Jodie Foster is not ready to walk out into the sunset, thank you very much. After delivering a powerful, news-making speech at the Golden Globes in Beverly Hills on Sunday Jan. 13 — in which the Cecil B. DeMille Lifetime Achievement Award winner acknowledged that she's gay and seemed to hint at retirement — Foster, 50, clarified her statements to reporters in the Green Room at the Beverly Hilton.
"I could never stop acting. You'd have to drag me behind, like, a team of horses," the Silence of the Lambs star insisted. "No, I'm not retiring from acting. And, you know, I'd like to be directing tomorrow . . . I'm actually more into it than I have ever been." Foster, who has been acting since she was a toddler, explained that the point of her speech was "that people change. Change is important. And, you know, hopefully I'll be doing different things than I did when I was three years old and six years old and ten years old and 20 years old . . . My work is evolving."
As for the more personal aspects of the address, in which Foster mentioned her former female partner and explained she "came out a million years ago" in private? "The speech kind of speaks for itself. It's a big, long career, and it's not just a career; it's friendships and relationships . . . I feel like I am graduating from something . . . And it's a big moment, and I wanted to say, you know, what's most in my heart."
Foster, mom to sons Charlie and Kit, added that she wasn't worried about regretting her frank disclosure the morning after. "It's an expression of who I am and what I'm thinking and feeling." The Accused actress also raised a few eyebrows (as she has in the past) when she acknowledged her close friend, the ever-controversial, volatile Mel Gibson, in her speech. (Gibson, 57, looked on tearfully in the audience.)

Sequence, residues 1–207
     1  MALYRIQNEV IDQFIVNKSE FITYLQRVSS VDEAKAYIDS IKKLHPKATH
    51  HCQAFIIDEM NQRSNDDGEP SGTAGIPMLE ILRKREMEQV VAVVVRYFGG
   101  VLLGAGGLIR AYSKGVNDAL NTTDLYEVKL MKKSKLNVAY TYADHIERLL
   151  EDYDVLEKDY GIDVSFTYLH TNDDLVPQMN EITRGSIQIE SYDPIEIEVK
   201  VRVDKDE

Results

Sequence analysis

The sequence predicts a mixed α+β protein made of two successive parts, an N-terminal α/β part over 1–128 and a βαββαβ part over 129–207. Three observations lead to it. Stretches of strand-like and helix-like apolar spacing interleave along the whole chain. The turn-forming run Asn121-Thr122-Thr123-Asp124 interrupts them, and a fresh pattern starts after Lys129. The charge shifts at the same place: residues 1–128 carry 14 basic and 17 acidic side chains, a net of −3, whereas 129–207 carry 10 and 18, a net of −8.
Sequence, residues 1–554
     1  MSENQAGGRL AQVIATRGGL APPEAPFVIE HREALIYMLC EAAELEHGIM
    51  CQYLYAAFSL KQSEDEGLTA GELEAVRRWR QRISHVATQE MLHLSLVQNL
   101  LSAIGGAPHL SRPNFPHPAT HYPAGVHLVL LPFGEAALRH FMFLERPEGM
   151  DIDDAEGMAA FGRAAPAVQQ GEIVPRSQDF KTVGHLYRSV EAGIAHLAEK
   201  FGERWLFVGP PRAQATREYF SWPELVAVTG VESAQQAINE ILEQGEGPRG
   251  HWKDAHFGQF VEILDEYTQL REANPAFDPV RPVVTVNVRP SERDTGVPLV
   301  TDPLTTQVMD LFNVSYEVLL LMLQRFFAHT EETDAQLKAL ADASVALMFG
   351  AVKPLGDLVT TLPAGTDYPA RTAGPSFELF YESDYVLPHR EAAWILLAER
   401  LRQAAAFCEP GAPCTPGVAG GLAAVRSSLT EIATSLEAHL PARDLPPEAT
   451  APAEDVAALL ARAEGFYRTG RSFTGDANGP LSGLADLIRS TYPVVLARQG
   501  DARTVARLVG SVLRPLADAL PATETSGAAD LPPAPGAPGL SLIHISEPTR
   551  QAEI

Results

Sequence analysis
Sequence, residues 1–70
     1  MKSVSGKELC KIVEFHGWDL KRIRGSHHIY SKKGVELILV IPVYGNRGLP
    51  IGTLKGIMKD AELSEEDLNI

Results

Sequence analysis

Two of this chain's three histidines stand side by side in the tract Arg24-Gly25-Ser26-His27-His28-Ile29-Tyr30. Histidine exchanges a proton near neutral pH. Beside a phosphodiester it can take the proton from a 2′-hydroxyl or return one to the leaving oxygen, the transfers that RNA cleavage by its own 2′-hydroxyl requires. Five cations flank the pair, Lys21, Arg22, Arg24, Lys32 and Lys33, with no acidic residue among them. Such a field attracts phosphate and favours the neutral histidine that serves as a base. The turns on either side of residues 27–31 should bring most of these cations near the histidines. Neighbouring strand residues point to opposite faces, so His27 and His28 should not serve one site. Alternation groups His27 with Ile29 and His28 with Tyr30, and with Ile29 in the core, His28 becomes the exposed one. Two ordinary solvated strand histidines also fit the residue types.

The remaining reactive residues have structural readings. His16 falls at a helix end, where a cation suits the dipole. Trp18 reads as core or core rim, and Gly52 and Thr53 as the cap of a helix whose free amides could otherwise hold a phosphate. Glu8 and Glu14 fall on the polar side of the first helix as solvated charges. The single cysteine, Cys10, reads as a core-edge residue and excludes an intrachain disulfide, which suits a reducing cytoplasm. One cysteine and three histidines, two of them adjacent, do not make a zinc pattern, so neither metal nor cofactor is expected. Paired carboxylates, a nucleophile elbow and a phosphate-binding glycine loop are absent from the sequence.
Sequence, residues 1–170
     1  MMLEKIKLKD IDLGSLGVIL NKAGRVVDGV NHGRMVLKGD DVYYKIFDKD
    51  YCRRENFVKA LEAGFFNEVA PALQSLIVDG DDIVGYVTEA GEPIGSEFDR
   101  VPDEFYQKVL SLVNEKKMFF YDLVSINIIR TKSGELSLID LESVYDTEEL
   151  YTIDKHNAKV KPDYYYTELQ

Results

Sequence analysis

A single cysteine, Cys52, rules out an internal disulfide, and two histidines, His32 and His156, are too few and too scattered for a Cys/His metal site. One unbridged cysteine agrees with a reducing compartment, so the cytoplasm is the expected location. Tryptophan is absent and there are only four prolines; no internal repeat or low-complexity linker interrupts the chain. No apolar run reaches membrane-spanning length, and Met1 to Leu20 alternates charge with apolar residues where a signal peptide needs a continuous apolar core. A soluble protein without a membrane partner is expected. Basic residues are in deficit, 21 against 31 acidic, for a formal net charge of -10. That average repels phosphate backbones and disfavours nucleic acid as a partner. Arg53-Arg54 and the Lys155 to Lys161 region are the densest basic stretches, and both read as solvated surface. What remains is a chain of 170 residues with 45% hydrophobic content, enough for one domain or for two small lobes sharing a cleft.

"I know Mel Gibson extremely well, and he's somebody that I love and that I have worked with and that I respect, and it's not difficult to say that. You know, it's very easy to say that. My — the man that I know is a true and loyal friend, and considerate, loving," she said of Gibson. Over the summer, Foster also spoke up for her former Panic Room costar Kristen Stewart at the height of her cheating scandal. "I think it's important that when people are struggling, that you not run away from them if you love them. Kristen, I mean, I look at the room tonight, you know, Kristen Stewart and Claire Danes, Jennifer Lawrence, all these young women that I worked with who basically were child actors like I was a child actor, and then I feel very protective of them, because even though I think I have managed to get through the process relatively sanely, I had my scars, and I hope to be in some ways a member of their family that's out there protecting them."
Foster's biggest shock of all: That she's still working in Hollywood. "You know, from the time I was little, my mom prepared me for the fact that my career would be over by the time I was 18 . . . I am very surprised that I ended up doing the same job that I did from the time I was three!"
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